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Author Archive: Jon Holmlund

About Jon Holmlund

The international commission on heritable human genome editing (HHGE), formed by the US National Academies of Medicine and Science and the Royal Society of Great Britain, has issued it report.  The 224-page report is freely available for reading here, and a summary news report can be accessed here. The upshot:  not too fast.  The commission’s …

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This blog’s being sponsored by an evangelical Christian university means, among other things, that at least some contributors, notably the current writer, tend to adopt a set of basic Christian assumptions (monotheism, tenets of historic Christianity, biblicism) in approaching matters of bioethics, including justice.  In that light, a recent summary of a Christian framework for …

Continue reading "A contemporary reprise of theories of justice"

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Greed is a common concern—a risk, from one perspective, an indictment, from another—raised regarding medical care and the people who profit from providing certain aspects of it.  Nurses don’t get rich.  Doctors, in rich nations, often do.  Public hospitals generally don’t; private, for-profit ones do, and manage their work to make sure they do.  There’s …

Continue reading "Property rights, payments, and urgent public health needs"

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A fundamental concern about applying gene editing to human embryos is how to limit the risk of errors, or “off-target” effects.  One makes an edit to change a bad gene’s defect, and presumably prevent the disease the defective gene would cause.  But the current methods to do that, although apparently highly selective, might still make …

Continue reading "A new cautionary tale for heritable genome editing"

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Last week, this space on this blog addressed concerns about overconfidence in judgments about the COVID pandemic, and intimated that some humility is in order, especially on the part of the experts doing the advising and opining. Now turn the perspective around—humility is in order on the part of us non-experts, receiving and reacting to …

Continue reading "Pandemic Priorities in the Face of Uncertainty"

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As I write this I have been fielding messages from a friend and interlocutor who, a knowledgeable health industry professional, seems quite confident that had President Trump been successfully impeached—or, better, never elected—the COVID-19 pandemic would not have been such a trouble for us.  And there may well be something, more than a little something, …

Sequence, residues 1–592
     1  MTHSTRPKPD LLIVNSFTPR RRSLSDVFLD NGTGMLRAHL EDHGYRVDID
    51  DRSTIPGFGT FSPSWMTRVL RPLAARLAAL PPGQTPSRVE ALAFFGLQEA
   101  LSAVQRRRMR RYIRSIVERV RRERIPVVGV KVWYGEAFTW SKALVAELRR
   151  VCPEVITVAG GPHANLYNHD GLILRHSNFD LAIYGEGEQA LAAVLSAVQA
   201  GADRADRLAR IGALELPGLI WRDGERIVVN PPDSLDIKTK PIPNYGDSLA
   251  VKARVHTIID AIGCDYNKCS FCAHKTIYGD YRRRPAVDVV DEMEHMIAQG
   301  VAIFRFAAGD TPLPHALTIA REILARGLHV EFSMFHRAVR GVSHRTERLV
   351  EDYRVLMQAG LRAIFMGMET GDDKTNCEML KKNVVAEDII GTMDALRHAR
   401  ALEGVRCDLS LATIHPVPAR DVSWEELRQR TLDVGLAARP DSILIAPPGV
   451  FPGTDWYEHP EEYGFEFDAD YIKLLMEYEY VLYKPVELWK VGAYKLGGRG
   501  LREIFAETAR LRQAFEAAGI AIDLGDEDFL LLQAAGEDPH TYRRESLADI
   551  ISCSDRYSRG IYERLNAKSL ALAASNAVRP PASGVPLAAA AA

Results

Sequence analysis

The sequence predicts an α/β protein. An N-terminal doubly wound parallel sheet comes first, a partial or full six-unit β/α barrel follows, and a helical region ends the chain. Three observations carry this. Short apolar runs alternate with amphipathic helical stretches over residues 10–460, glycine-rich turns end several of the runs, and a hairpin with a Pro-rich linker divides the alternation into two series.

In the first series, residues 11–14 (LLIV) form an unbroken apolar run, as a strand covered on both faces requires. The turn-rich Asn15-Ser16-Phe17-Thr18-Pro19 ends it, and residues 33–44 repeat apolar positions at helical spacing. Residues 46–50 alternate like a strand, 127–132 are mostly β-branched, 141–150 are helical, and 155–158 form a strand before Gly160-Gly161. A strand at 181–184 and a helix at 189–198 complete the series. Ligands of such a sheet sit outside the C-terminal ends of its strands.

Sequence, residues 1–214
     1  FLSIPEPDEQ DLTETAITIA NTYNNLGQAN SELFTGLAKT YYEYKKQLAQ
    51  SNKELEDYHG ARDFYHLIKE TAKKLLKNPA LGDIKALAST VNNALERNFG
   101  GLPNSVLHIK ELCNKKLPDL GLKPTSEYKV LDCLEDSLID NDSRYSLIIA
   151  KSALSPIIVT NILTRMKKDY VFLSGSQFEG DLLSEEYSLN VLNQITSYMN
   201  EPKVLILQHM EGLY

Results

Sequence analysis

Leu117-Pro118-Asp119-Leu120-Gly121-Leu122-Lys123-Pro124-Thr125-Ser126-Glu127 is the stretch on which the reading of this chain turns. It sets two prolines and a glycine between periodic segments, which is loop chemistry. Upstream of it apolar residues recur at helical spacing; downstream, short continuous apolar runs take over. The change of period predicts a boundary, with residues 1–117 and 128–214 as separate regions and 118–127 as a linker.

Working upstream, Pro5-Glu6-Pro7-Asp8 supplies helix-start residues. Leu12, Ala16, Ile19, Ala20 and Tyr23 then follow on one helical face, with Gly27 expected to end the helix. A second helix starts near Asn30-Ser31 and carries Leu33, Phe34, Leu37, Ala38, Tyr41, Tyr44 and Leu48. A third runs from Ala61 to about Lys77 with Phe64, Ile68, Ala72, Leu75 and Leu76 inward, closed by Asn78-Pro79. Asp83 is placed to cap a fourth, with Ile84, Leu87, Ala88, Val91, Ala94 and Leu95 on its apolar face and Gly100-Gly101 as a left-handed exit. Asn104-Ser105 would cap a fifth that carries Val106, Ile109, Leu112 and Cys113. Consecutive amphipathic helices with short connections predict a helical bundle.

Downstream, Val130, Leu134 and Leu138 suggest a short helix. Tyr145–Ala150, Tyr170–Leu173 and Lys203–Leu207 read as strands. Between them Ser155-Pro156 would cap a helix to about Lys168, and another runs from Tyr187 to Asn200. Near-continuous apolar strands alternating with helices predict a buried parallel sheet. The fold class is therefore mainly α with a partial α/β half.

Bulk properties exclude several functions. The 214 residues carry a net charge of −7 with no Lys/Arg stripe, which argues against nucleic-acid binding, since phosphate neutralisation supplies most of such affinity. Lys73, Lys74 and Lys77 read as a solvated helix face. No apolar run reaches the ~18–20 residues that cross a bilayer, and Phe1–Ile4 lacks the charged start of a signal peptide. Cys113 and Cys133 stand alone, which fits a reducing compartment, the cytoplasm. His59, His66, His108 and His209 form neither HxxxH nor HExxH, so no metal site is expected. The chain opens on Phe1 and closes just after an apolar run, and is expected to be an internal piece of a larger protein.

Continue reading "Uncertainty, Arrogance, and Mourning in the time of Pandemic"

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Some common mislocutions are simply insufferable.  One is, “It’s in my/our DNA,” implying that a commitment or habit or practiced behavior is genetically hard-wired.  No, it isn’t. Another is, “I/we will follow the science” to make judgments.  If by this is meant, “I will face facts rather than engage in wishful thinking,” then hear, hear.  …

Continue reading "“The Science” and Moral Judgments"

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Let us stipulate at the outset: first, that so much—far too much? –is being written on the COVID-19 outbreak, and wisdom is a precious commodity; second, that although your correspondent is an MD, he is as bewildered as anyone by the storm of reports, claims, data, projections, arguments; and third, that whatever public comity may …

Continue reading "More—with trepidation—on COVID"

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As one with the letters “M” and “D” after my name, I get emails from a service called Medscape (subscription generally required), with links to a variety of articles on things medical.  This week brings a link to a piece under the title “Inexact Science: is Patient Eligible for Medical Aid in Dying?”   The upshot: …

Continue reading "More notes on suicide—assisted or not"

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In May of 2019 The New Bioethics carried a paper (purchase or subscription required) by Jennifer Gumer of Columbia and Loyola Marymount Universities, summarizing an argument against heritable genome editing (the kind in which an embryo’s genes are edited so that the change will be passed down to the subject’s descendants), based on Belmont principalism.  …

Continue reading "A principalist argument against heritable genome editing"

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